Officers from several police agencies are concentrating their search efforts in southern Virginia for a missing Cumberland County woman who disappeared after a Powhatan County man was found slain in her home Friday. Her ex-boyfriend, who was arrested early Saturday in North Carolina, has been charged in the killing.

On Monday, the suspect, George W. Knisley IV, 41, briefly escaped custody from the Wake County Justice Center in Raleigh, N.C., as he was being transferred to another facility to face additional charges. Handcuffed, Knisley pushed down a sheriff’s deputy and ran about a block and a half before a “good Samaritan” grabbed and held him for pursuing deputies, a Wake County sheriff’s spokesman said.

As he was being led to a patrol car, Knisley admitted “he was a murderer and didn’t want to live any longer,” said the spokesman, Eric Curry.

Based on investigative leads developed over the Memorial Day weekend, the Cumberland Sheriff’s Office — with assistance from the Virginia State Police, South Hill police, the Mecklenburg County Sheriff’s Office and the Virginia Department of Emergency Management — is actively searching the area of South Hill and Mecklenburg for Amy Renee Fabian, 43. Authorities also are looking for a 2002 white Ford F-350 work truck that police believe Knisley stole Thursday in Maryland.

Investigators believe Knisley, who lives in Carroll County, Md., left Fabian’s home in the 200 block of Mount Airy Lane in Cumberland driving the truck, which has “Alleghany Industries” displayed on the side.

Police captured Knisley early Saturday morning in Wake County, N.C., after he allegedly carjacked a man in Raleigh of his 2009 Toyota Corolla outside a motel and later led Wake County sheriff’s deputies in a brief pursuit before crashing the car. Knisley is being held on an assortment of charges, including for murder in the killing of Matthew T. Broyles, 29, of Powhatan, who was found dead Friday in Fabian’s home.

Virginia State Police spokeswoman Corinne Geller described Broyles and Fabian as friends.

Authorities have not said whether they believe Fabian is alive or dead.

The investigation began about 3:30 a.m. Friday when Cumberland authorities received a 911 call about a homicide occurring in Fabian’s home. Upon arrival, deputies found Broyles dead and Fabian missing.

Police have not disclosed how they believe Broyles was killed. His body was taken to the state medical examiner’s office in Richmond for an autopsy and determination of cause of death.

Later Friday morning, about 6:30 a.m., a woman walking to her car from a residence in South Hill encountered a man who threatened her at gunpoint and stole her 2013 Honda Civic. The woman was not harmed and the man — who fit Knisley’s description — drove away in her car, police said.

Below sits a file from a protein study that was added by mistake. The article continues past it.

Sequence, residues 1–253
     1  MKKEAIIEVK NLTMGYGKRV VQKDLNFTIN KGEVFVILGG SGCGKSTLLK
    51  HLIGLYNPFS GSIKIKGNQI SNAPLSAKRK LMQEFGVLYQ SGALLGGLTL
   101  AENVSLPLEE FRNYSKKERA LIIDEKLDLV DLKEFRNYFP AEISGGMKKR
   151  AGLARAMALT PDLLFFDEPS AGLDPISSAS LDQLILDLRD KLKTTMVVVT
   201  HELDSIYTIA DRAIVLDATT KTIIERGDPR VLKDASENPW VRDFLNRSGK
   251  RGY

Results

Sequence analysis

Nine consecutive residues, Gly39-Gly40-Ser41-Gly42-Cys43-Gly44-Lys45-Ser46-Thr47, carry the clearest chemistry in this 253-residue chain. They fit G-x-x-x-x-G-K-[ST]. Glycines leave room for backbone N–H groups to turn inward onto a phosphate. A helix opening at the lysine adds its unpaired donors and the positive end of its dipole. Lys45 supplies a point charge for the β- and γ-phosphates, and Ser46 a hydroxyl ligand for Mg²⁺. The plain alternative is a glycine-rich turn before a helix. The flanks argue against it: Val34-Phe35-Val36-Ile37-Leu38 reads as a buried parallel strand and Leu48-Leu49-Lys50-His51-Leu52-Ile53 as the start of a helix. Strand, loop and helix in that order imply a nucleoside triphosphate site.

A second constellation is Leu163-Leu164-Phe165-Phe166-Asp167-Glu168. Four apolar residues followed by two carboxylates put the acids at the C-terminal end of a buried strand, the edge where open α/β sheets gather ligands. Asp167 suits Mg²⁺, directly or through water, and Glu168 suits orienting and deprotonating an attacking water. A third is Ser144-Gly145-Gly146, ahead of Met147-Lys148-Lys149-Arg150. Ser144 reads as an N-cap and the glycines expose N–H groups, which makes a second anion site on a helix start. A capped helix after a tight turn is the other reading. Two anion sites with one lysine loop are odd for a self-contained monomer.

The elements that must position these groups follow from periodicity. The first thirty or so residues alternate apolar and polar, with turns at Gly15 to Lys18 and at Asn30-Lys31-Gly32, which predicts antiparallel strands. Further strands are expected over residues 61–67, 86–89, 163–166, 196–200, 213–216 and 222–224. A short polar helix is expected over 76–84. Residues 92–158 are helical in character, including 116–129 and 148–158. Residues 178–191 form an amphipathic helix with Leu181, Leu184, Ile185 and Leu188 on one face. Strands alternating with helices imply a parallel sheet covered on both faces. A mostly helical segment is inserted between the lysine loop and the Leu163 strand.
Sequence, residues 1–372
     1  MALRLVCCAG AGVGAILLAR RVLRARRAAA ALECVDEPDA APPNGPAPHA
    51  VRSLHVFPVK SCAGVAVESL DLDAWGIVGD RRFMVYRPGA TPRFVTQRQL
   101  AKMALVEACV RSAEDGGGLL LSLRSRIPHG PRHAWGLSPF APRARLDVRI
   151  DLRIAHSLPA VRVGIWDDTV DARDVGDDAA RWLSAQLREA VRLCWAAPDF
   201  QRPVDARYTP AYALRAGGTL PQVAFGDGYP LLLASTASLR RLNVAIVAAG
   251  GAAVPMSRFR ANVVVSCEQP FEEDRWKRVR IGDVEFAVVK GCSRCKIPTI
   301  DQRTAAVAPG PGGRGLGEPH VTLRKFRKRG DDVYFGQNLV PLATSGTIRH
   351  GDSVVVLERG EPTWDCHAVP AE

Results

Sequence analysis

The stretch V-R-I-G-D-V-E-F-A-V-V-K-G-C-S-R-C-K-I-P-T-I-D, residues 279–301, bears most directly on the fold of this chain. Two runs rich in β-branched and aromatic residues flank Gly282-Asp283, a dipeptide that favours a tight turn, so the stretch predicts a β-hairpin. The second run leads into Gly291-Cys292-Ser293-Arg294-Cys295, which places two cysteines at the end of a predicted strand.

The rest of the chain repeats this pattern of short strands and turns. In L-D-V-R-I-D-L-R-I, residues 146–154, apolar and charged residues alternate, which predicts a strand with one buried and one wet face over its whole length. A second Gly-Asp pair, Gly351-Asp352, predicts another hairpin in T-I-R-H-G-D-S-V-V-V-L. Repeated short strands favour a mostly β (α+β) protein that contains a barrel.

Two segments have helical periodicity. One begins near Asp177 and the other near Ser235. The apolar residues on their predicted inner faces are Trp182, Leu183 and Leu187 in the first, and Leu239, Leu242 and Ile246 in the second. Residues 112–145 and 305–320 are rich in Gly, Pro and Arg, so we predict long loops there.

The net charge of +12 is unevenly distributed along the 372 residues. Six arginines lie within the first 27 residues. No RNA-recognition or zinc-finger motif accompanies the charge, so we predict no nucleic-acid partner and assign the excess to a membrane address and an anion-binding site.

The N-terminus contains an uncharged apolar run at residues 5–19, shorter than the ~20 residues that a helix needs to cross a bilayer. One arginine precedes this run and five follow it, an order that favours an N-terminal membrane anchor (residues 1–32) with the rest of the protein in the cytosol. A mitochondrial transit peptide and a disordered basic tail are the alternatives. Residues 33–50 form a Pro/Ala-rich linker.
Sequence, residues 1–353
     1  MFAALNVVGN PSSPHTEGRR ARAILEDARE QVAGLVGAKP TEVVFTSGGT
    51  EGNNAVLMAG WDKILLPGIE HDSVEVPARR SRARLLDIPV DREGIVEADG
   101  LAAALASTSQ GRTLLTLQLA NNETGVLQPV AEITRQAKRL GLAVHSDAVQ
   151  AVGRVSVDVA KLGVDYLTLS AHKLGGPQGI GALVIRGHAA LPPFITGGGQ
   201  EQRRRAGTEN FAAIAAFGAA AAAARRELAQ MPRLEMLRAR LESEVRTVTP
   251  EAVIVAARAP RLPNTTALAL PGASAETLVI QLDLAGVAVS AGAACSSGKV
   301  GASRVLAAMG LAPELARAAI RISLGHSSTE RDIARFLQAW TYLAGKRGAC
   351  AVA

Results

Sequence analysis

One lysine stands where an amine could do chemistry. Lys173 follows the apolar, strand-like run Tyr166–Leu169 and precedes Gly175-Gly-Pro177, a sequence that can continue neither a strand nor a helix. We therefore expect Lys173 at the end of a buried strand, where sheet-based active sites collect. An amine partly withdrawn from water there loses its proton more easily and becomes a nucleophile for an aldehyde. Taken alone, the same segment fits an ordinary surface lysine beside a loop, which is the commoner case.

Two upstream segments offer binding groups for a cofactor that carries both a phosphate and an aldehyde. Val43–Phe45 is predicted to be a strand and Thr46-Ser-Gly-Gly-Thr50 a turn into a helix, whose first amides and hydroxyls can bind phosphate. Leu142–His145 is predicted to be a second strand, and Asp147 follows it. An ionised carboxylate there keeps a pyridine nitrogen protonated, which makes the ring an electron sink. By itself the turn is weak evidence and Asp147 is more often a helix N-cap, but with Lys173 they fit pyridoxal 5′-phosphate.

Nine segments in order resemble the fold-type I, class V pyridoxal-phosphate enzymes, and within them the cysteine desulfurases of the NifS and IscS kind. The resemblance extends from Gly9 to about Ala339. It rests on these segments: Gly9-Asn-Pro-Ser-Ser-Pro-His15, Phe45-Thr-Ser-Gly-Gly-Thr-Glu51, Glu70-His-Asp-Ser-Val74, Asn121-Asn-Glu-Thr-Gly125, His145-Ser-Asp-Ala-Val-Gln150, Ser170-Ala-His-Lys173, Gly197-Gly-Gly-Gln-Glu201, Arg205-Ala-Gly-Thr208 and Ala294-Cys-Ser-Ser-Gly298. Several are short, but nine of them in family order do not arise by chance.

The Civic was subsequently recovered in Raleigh, where Knisley is suspected of carjacking the man of his Corolla and driving away.

Curry, the spokesman for the Wake County, N.C., Sheriff’s Office, said a deputy spotted a man driving the stolen Corolla on Saturday shortly after midnight after receiving a be-on-the-lookout call for the vehicle from Raleigh police.

That deputy and another, along with a Raleigh K-9 officer, then pursued Knisley briefly at high speeds before he crashed. He suffered minor injuries, Curry said.

Officers found a loaded handgun on the driver’s-side floorboard. Knisley had no identification and was very uncooperative, Curry said.

However, “he was making comments that he was wanted for murder” in Virginia, Curry said. A short time later, North Carolina authorities confirmed there was an outstanding murder warrant for his arrest, Curry added.

Then on Monday about 1:45 p.m., as a deputy was in the process of transferring Knisley from the Wake County Justice Center to another facility to appear before a magistrate at the Wake County Detention Center on additional charges, Knisley attempted to escape “and make a run for it,” Curry said.

Knisley told the deputy his right handcuff was too tight, and when the deputy tried to loosen it, Knisley pushed him with his shoulder, knocking the deputy down. Knisley, still handcuffed, then ran down the jail’s sally port ramp and onto a nearby street, Curry said.

The deputy then gave chase and the good Samaritan who spotted Knisley fleeing grabbed him by the arm and pulled him down to the ground, holding him until deputies could arrive, Curry said.

“He made it about a block and a half,” Curry said.

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